and may be updated, replaced, or obsoleted by other documents at any
   time.  It is inappropriate to use Internet-Drafts as reference
   material or to cite them other than as "work in progress."

   This Internet-Draft will expire on September 27, 2012.

Copyright Notice

   Copyright (c) 2012 IETF Trust and the persons identified as the
   document authors.  All rights reserved.

   This document is subject to BCP 78 and the IETF Trust's Legal
   Provisions Relating to IETF Documents
   (http://trustee.ietf.org/license-info) in effect on the date of
   publication of this document.  Please review these documents
   carefully, as they describe your rights and restrictions with respect
   to this document.  Code Components extracted from this document must
   include Simplified BSD License text as described in Section 4.e of

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   the Trust Legal Provisions and are provided without warranty as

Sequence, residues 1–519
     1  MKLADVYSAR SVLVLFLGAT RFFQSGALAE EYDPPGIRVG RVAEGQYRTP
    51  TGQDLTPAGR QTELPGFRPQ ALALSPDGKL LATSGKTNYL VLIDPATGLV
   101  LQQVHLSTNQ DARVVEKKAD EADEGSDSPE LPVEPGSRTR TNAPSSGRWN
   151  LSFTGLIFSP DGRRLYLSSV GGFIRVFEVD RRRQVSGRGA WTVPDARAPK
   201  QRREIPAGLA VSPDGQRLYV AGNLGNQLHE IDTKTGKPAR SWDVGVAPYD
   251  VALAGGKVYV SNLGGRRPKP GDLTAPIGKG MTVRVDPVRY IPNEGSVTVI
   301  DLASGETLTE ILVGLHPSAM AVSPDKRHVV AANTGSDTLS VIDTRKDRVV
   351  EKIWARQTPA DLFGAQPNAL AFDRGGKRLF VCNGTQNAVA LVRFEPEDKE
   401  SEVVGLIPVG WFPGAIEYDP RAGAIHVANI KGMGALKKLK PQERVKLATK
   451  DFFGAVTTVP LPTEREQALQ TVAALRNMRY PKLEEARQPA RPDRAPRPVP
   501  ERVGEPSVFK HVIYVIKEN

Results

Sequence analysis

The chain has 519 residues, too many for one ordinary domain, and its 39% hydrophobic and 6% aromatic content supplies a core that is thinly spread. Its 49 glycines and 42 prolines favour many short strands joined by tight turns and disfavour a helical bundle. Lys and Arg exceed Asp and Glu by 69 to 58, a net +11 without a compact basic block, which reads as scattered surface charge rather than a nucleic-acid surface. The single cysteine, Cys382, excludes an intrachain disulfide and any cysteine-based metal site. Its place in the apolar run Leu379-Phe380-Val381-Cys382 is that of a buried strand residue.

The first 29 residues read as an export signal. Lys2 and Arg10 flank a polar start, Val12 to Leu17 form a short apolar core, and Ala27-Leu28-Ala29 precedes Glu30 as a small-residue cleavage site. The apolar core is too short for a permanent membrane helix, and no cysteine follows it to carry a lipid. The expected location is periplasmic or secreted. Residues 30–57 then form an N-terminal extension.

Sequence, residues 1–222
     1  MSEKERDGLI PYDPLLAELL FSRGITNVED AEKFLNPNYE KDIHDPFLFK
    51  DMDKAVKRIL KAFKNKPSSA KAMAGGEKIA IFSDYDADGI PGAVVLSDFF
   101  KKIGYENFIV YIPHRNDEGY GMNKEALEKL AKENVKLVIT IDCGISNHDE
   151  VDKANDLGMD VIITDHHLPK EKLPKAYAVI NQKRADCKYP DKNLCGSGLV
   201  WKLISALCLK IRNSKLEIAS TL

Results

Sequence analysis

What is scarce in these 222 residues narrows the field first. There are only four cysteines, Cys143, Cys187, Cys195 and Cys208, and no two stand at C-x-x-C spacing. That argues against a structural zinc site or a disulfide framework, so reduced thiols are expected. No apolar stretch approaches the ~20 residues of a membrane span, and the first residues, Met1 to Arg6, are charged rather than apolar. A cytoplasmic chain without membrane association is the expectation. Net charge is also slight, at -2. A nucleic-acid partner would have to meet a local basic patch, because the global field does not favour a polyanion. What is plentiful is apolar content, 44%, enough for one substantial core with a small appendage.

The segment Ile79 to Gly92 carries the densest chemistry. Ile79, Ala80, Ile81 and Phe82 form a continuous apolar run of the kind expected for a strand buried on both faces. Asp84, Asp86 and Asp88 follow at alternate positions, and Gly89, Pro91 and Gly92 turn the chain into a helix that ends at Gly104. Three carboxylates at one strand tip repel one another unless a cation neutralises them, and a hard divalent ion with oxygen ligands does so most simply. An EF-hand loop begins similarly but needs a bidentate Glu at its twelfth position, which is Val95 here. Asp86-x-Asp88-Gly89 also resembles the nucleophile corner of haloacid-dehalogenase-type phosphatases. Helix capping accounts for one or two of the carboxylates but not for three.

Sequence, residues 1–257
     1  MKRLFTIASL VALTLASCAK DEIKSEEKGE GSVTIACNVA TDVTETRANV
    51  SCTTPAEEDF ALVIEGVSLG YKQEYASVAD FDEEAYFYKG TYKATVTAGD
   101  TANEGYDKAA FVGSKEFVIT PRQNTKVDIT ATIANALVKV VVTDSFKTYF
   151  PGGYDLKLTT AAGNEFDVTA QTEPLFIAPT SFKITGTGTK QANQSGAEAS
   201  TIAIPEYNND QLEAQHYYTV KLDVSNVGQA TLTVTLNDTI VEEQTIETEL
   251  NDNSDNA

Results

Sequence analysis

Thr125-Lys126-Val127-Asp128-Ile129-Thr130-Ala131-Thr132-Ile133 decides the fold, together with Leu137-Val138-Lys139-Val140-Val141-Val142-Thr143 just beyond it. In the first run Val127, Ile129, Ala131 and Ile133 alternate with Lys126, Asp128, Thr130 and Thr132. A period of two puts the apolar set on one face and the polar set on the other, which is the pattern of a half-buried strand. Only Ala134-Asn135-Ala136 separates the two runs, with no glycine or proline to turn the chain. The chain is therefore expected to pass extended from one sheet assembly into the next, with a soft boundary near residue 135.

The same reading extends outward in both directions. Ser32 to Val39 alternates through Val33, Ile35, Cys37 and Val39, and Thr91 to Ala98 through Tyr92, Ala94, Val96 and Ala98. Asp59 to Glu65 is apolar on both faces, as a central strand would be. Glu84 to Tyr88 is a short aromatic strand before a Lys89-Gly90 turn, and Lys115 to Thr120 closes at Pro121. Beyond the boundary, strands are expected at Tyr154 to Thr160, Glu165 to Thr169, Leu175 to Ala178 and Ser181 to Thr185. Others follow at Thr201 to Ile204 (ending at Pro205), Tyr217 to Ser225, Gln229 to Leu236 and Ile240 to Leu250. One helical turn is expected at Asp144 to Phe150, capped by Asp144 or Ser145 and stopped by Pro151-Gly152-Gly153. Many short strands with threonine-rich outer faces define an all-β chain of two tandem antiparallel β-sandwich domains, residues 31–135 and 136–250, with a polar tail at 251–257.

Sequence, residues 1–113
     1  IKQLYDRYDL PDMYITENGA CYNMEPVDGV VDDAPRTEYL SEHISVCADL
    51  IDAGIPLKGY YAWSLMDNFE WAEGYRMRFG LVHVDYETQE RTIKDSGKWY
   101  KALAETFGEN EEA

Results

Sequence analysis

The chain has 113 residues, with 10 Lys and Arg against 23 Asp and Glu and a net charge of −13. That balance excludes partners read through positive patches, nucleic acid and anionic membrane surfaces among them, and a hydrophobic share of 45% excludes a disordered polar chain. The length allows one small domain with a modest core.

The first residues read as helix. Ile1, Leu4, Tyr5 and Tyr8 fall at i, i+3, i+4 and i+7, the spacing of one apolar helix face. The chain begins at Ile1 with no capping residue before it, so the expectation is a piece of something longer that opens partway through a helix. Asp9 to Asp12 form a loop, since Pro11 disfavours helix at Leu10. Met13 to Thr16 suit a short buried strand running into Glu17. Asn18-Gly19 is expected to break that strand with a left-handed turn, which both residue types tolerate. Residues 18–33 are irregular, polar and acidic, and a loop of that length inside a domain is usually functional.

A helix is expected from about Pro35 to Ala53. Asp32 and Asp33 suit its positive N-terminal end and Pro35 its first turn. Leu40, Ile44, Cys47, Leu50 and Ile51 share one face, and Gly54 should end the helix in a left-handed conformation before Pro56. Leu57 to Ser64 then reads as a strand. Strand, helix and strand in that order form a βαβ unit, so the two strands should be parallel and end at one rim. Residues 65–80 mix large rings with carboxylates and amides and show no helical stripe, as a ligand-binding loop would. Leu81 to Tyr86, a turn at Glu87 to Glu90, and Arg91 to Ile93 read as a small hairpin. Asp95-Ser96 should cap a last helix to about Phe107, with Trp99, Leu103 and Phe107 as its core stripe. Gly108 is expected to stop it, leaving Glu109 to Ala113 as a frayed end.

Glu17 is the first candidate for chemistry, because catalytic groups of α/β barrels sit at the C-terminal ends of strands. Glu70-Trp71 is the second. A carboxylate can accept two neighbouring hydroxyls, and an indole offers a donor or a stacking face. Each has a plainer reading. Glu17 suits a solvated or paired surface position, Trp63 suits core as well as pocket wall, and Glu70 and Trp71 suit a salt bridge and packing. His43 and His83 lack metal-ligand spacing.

described in the Simplified BSD License.

Table of Contents

   1.  Introduction  . . . . . . . . . . . . . . . . . . . . . . . . . 3
   2.  Terminology . . . . . . . . . . . . . . . . . . . . . . . . . . 3
   3.  Resource Profiles . . . . . . . . . . . . . . . . . . . . . . . 4
   4.  IANA Considerations . . . . . . . . . . . . . . . . . . . . . . 4
   5.  Security Considerations . . . . . . . . . . . . . . . . . . . . 5
   6.  Change Log  . . . . . . . . . . . . . . . . . . . . . . . . . . 5
   7.  References  . . . . . . . . . . . . . . . . . . . . . . . . . . 5
     7.1.  Normative References  . . . . . . . . . . . . . . . . . . . 5
     7.2.  Informative References  . . . . . . . . . . . . . . . . . . 5
   Appendix A.  Acknowledgements . . . . . . . . . . . . . . . . . . . 5
   Author's Address  . . . . . . . . . . . . . . . . . . . . . . . . . 5

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1.  Introduction

   One of the foundations of the Internet and Web Architecture is the